Everybody hates Kristy

Kristy Fraser-Kirk has finally settled her $37 million claim against David Jones and its former CEO Mark McInnes. At last!

Sadly for her, she didn’t get that massive sum of money she wanted. Instead she received $850,000, which is still a lot of money. Never mind that she’s settled the case because Fraser-Kirk is not giving a single cent to charity.

What does that say about her character? In a statement, Fraser-Kirk says:

“I had asked the Court to award punitive damages, which was to go to charity, but as the Court will no longer be determining the case that’s no longer possible. I look forward, however, to participating in charitable work in the future.”

Pfft! What a lame excuse. Sorry guys, I would only give to charity if I got the sum I asked for, but since I didn’t I’m keeping it all to myself.

A cartoon by the Sydney Morning Herald’s cartoonist Cathy Wilcox explains this perfectly.

Well sorry Kristy, if you seriously cared about exposing sexual harassment in the workplace, you would have bettered your cause by perhaps giving some part of that money to an organisation or group that supports women.

A reader’s letter to the SMH probably explains it better.

“This is the latest distortion that has sadly affected Ms Fraser-Kirk’s credibility. First was the outlandish $37 million claim. ‘General damages in sexual harassment cases have never exceeded the low hundreds of thousands of dollars and ‘punitive’ damages are usually awarded in the low tens of thousands of dollars (if at all). Her claim can be viewed only as a poorly advised publicity stunt … To restore some credibility, she should donate some of the damages to charity. To say it is no longer possible is a distortion, and she knows.”

In a poll by the SMH, turns out most people agree that Fraser-Kirk was only out to get money.

Perhaps she was courageous (the other option) at first but any sympathy that I and probably many others had for her disappeared when she demanded $37 million, then asked David Jones to pay for her US holiday, and now this.

I hope she enjoys the money. She better save it because it’s highly unlikely any company will want to hire her now.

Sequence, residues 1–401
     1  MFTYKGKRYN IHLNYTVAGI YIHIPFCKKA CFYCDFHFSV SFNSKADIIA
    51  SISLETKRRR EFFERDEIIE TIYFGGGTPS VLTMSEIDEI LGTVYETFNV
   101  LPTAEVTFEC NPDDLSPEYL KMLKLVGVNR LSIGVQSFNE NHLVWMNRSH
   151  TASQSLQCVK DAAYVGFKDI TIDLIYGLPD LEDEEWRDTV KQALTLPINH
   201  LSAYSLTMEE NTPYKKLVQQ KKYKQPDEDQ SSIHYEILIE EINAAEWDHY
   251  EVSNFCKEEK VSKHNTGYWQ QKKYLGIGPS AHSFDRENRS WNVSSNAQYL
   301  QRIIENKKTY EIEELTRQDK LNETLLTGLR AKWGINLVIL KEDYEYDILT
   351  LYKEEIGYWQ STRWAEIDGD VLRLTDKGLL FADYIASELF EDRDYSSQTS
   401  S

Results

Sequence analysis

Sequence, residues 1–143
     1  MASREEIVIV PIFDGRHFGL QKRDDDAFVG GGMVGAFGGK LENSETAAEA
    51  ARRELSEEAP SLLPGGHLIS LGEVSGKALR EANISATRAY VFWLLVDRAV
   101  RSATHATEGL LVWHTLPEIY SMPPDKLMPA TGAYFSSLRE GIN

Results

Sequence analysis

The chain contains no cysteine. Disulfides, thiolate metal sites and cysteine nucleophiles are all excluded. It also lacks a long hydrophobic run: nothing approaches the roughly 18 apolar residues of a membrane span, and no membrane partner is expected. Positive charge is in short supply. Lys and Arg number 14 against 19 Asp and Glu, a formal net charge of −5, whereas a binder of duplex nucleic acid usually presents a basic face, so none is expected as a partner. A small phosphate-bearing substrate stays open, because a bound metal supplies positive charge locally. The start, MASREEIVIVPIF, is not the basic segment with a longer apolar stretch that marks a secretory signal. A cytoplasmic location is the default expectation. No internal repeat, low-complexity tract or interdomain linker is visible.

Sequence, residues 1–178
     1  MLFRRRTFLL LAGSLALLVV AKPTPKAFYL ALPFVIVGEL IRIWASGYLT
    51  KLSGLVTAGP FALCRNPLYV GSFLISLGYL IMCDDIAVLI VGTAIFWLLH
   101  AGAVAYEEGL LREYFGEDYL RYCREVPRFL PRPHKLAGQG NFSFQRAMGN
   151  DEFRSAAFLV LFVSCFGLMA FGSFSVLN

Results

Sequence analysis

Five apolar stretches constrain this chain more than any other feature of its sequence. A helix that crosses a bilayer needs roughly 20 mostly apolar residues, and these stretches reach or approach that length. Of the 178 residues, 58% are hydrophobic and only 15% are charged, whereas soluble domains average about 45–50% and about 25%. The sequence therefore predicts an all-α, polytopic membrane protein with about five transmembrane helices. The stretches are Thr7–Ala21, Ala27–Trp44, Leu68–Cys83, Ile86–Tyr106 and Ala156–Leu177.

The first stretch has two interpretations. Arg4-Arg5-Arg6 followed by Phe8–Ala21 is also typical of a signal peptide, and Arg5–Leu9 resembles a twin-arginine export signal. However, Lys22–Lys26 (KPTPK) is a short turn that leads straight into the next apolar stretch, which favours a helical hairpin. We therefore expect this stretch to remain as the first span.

Junk food akin to drugs, according to ad

The whole debate over junk food advertising and its link to childhood obesity is one that will never go away. In the Sun-Herald today, there was an article about a controversial commercial that has been released online, which you can watch here. It’s been quite popular with over 230,000 hits on Youtube.

The ad made by Sydney agency, Precinct Studios,  shows a mother preparing heroin. As she is about to inject her son, the scene changes to show him eating a hamburger. It ends with the message: “You wouldn’t inject your children with junk so why are you feeding it to them?”

The ad blames parents for the obesity epidemic saying feeding them junk food is like injecting them with drugs.  This view is backed up by the managing director of the agency, Henry Motteram who told the SMH “it’s not their fault. The more I thought about it, the more it came back to the parents every time.” He adds that giving junk food to children is the same as child abuse.

While I believe that parents hold some responsibility for what their child(ren) consume, feeding them junk food is definitely not like feeding drugs. That is, unless it’s their staple diet and they are eating nothing else. But that does not seem to be the ad’s position. The ad is advocating NO JUNK FOOD at all. There is nothing wrong with the occasional hamburger. I’m all for it.

Those who disagree with the ad like Karen Sims from lobby group the Parents Jury say that advertisers are part of the problem. “Parents cop the blame for childhood obesity but that’s simplistic view,” she told the SMH. “There are plenty of products which are marketed as being healthy when they are not. Then there are the products which make children believe the world won’t spin unless they have them.”

With the exception of the argument that advertising contain false information about being healthy (this is where I strongly support the outrage of parent groups), at the end of the day, parents have the final say. Using Sims’ terms, it’s simplistic to just blame advertising for creating overweight kids. The food industry is a business and companies need to market their products.

Parents should encourage their children to develop good habits including healthy eating from an early age. They don’t have to give in to the advertisers or their kids when they beg them to buy whatever it is they want. There are a lot more dangerous threats than junk food advertising outside and you can’t censor everything.